When they brought Stinky back onto the pool deck, there were a few drops of water in the waterproof briefcase that housed the control system. The case must have warped on the trip from Arizona in the back of Ledge's truck.
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If the water had touched any of the controls, the system would have shorted out and simply stopped working. Cristian knew that they were faced with two serious problems: bad wiring and a leak. Oscar sketched out the situation. They'd have to resolder every wire going into the main controller in the next 12 hours. And they would either have to fix the leak or find something absorbent to keep moisture away from the onboard circuitry. An image from television flashed through Lorenzo's mind.
The Ralph's grocery store near the UCSB campus is done up to look like a hacienda, complete with a red tile roof, glaringly white walls, and freshly planted palms. The guys dropped Lorenzo off in front. It was his bright idea, after all. He wandered past the organic produce section, trying to build up his courage.
He passed an elderly lady examining eggplant—he was too embarrassed to ask her.
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Next, he saw a young woman in jeans shopping for shampoo. He wasn't used to approaching women, let alone well-dressed white women. He saw apprehension flash across her face. Maybe she thought he was trying to sell magazines or candy bars, but he steeled himself. He explained that he was building a robot for an underwater contest, and it was leaking. He wanted to soak up the water with tampons but didn't know which ones to buy. The woman broke into a big smile and led him to feminine hygiene. She handed him a box of O.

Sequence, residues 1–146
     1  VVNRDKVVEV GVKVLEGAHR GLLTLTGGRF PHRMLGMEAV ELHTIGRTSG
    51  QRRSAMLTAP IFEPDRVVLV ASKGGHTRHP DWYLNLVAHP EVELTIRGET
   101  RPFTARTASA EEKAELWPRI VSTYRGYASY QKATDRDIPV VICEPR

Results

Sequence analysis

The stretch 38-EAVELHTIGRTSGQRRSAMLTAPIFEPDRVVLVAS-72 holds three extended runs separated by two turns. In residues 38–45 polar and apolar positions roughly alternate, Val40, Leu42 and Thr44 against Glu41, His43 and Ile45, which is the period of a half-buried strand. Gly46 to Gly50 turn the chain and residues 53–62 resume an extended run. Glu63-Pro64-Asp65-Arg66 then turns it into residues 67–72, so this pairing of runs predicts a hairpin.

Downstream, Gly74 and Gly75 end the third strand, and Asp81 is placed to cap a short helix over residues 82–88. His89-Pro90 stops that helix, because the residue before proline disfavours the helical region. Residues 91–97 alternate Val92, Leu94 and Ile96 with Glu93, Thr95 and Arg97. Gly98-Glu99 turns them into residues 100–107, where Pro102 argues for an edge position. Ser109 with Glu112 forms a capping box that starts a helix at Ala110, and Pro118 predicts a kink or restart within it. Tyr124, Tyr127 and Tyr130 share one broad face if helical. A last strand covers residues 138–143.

He stared at the ground, mumbled his thanks, and headed quickly for the checkout. Someone had to be well rested for the contest, so Cristian and Luis slept that night. Oscar and Lorenzo stayed up resoldering the entire control system. It was nerve-racking work. The wires were slightly thicker than a human hair, and there were 50 of them.
If the soldering iron got too close to a wire, it would melt and there'd be no time to rip the PVC and cable housing apart to fix it. One broken wire would destroy the whole system, forcing them to withdraw from the contest. By 2 in the morning, Oscar's eyesight was blurring, but he kept at it. Lorenzo held the wires in place while Oscar lowered the soldering gun. He dropped one last dab of alloy on the connection and sat back. Lorenzo flipped the power switch. Everything appeared to work again. On the day of the contest, the organizers purposely made it difficult to see what was happening under the water.
A set of high-powered fans blew across the surface of the pool, obscuring the view below and forcing teams to navigate by instrumentation alone. The side effect was that no one had a good sense of how the other teams were doing. He prayed that the tampons would work but then wondered if the Virgin got her period and whether it was appropriate for him to be praying to her about tampons.
He tried to think of a different saint to pray to but couldn't come up with an appropriate one. The whir of Stinky 's propellers brought him back to the task at hand, extracting a water sample from a submerged container. The task was to withdraw milliliters of fluid from the container 12 feet below the surface. Its only opening was a small, half-inch pipe fitted with a one-way valve.
Though the Carl Hayden team didn't know it, MIT had designed an innovative system of bladders and pumps to carry out this task.